It was a day fans never wanted to see, but also couldn’t miss when it finally came.
A generation that grew up rooting for the Yankees with Derek Jeter as the star and longest-tenured captain will now see their team enter a new era without the famed shortstop.
“I’ve been coming to games since I was a little kid, and I can only remember Derek Jeter at shortstop,” said John Bertollo, a 31-year-old season ticket holder from Fairfield, New Jersey.
Fans remembered Jeter’s 20-year career for the five championships he brought to New York, revitalizing a team in the ’90s that had last won a ring in 1978, and for a work ethic displayed on and off the diamond.
“He’s a team player, he’s the captain,” said Junior Reyes, a 34-year-old fan from Brooklyn. “He’s a true gentleman of baseball.”
Fans still have time to say their goodbyes, however, as the Yankees have a handful of home games left in the regular season, as well as a long-shot chance at making the playoffs.
Michael Shindler and Varun Deedwaniya, 23-year-old friends from Manhattan, came to Yankee Stadium for Derek Jeter Day to honor a player who had been on their favorite team for nearly as long as they have been alive.
“I was born in ’91, so my first baseball experience was with the ’90s championship games with Jeter, Bernie, Jorge and those guys,” Deedwaniya said, referring to former Bombers mainstays Bernie Williams and Jorge Posada.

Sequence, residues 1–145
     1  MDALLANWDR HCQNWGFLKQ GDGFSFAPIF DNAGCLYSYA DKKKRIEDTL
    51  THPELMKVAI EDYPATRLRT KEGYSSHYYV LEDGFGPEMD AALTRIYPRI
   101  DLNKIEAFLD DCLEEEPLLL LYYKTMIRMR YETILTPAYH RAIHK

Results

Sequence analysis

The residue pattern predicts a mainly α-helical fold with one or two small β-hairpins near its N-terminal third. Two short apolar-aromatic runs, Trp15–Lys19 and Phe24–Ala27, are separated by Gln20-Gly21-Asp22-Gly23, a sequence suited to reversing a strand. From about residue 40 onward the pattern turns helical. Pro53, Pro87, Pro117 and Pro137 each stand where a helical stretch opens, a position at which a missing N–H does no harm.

Jeter’s nice-guy cred and ability to avoid the pitfalls of fame in New York City stood in stark contrast to many of his contemporaries.
That off-the-field reputation earned him the respect of casual and hard-core baseball fans alike and made him a role model.
“There’s so many athletes who are good on the field but are always getting into trouble,” said Ted Marshall, 45, from New Jersey. “To have that combination is almost unheard of nowadays.”
Ashley Fox, a 25-year-old from Queens, has three tattoos dedicated to the Yankees star.
“When I was younger, I was like, ‘That’s my soul mate.’ And still to this day I feel the same exact way,” Fox said.
Gary McFadden, 25, of Bed-Stuy, noted the luminaries who participated in the pregame ceremony.
“You look out onto the field and see how many people came for the ceremony, especially seeing Michael Jordan, who doesn’t go anywhere for anyone, come out — that just shows you the great amount of respect people have for Derek Jeter.”